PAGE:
The Berlin-Vienna axis

European leaders were taken by surprise when German Chancellor Angela Merkel and Austrian Chancellor Sebastian Kurz formed an alliance. But why did they do it?

editor: REMIX NEWS

Due to the 50 million casualties of World War II it is perhaps understandable that from a historical perspective the cooperation of the German Empire and Austria isn’t really good news for the rest of the European countries, Zoltán Lomnici Jr. writes in a Magyar Idők column.

To spell it out in a way that our liberal friends can also understand: given the historical precedent, all suspicions and precautions are justified upon seeing a “Germanic coming together”. Even looking back at the annexation of Austria by Germany in 1938 (the so-called “Anschluss”) was only opposed at a referendum by 0.27 percent of Austrians.

In light of such precedents it is little wonder that there is widespread political sensitivity in Europe upon perceiving any kind of cooperation attempts along the Berlin-Vienna axis. This cooperation along well-defined projects has so far been absent. During the leadership of (former Austrian Chancellors) Werner Faymann and Christian Kern Austria kept its distance from Germany.

The fact that just before the Salzburg informal EU summit Merkel and Kurz joined forces came as a huge surprise, particularly because the Austrian Chancellor has so far been supportive of the Visegrád Group and Hungary’s position (mainly) on migration.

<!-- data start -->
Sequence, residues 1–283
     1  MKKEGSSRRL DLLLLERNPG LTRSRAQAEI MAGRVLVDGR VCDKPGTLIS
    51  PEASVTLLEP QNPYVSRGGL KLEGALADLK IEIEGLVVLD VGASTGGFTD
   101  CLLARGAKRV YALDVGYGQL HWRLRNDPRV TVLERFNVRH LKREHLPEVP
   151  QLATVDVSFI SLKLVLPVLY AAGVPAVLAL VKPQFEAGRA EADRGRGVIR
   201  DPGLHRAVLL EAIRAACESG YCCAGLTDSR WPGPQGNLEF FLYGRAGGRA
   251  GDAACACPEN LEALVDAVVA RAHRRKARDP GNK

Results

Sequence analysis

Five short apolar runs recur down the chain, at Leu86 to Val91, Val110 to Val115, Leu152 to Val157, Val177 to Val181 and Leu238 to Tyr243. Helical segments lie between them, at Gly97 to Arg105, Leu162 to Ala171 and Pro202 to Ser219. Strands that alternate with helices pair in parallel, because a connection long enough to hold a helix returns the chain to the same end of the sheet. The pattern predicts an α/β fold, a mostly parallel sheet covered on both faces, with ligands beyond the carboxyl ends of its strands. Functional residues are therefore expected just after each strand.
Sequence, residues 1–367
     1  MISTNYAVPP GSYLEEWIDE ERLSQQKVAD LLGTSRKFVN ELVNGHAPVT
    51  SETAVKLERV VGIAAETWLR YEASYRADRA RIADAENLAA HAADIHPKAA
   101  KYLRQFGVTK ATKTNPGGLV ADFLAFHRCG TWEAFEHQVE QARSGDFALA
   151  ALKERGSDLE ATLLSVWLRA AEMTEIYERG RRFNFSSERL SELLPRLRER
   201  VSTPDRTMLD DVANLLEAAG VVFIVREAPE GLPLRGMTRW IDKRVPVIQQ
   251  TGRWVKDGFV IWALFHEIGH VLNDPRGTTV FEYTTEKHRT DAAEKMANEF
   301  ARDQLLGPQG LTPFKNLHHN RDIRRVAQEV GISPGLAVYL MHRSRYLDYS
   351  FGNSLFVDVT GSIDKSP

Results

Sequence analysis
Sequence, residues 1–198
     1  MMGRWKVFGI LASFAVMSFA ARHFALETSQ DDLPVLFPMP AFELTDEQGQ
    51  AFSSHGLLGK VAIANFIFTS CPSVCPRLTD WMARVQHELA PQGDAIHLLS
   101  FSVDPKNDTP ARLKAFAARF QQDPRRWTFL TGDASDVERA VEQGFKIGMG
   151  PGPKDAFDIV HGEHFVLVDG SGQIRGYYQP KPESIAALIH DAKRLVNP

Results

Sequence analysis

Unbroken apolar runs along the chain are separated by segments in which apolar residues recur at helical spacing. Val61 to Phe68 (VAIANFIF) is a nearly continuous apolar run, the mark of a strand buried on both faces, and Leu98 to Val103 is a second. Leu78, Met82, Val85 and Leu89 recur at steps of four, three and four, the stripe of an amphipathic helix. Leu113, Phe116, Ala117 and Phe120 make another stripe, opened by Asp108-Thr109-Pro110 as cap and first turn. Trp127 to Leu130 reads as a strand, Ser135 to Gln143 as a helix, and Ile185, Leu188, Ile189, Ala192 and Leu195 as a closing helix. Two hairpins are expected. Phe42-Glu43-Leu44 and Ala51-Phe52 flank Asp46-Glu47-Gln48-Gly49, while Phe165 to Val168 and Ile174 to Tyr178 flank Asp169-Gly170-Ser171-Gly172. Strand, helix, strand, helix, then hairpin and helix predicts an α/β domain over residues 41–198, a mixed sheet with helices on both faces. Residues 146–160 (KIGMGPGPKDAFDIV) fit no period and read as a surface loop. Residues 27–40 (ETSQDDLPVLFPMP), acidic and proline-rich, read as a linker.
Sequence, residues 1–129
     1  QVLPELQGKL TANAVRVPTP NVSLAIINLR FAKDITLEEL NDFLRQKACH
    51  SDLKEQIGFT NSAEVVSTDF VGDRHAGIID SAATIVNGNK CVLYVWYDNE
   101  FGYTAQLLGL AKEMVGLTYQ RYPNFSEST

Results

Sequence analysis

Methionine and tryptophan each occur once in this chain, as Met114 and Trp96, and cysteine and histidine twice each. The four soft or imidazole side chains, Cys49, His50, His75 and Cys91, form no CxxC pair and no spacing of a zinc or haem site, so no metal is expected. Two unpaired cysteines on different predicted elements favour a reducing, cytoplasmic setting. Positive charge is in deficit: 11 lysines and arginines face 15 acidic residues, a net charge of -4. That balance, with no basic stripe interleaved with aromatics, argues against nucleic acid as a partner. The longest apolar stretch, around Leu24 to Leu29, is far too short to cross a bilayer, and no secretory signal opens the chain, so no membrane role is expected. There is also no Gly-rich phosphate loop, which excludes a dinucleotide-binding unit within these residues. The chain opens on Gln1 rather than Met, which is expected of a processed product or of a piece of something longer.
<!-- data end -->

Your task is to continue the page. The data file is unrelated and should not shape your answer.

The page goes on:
Even as recently as June, Kurz, at a joint press conference with Merkel’s main challenger, Horst Seehofer supported Italian minister of interior Matteo Salvini’s plan for joint Austrian-German-Italian action against terrorism and illegal immigration.

Several explanations have been suggested for Kurz’s change of heart, but the most likely scenario is that he received word from Berlin and as the obedient younger sibling felt obliged to comply. As the Hungarian Prime Minister said recently: the likeable young Austrian suddenly became a turncoat.

Let us, however, be optimistic and look at this as a prelude to the EU election campaign in support of Manfred Weber and of Angela Merkel, who has barely recovered from her domestic political troubles. This may explain Kurz’s lack of political character, but we all know that voters usually sanction such behavior. 


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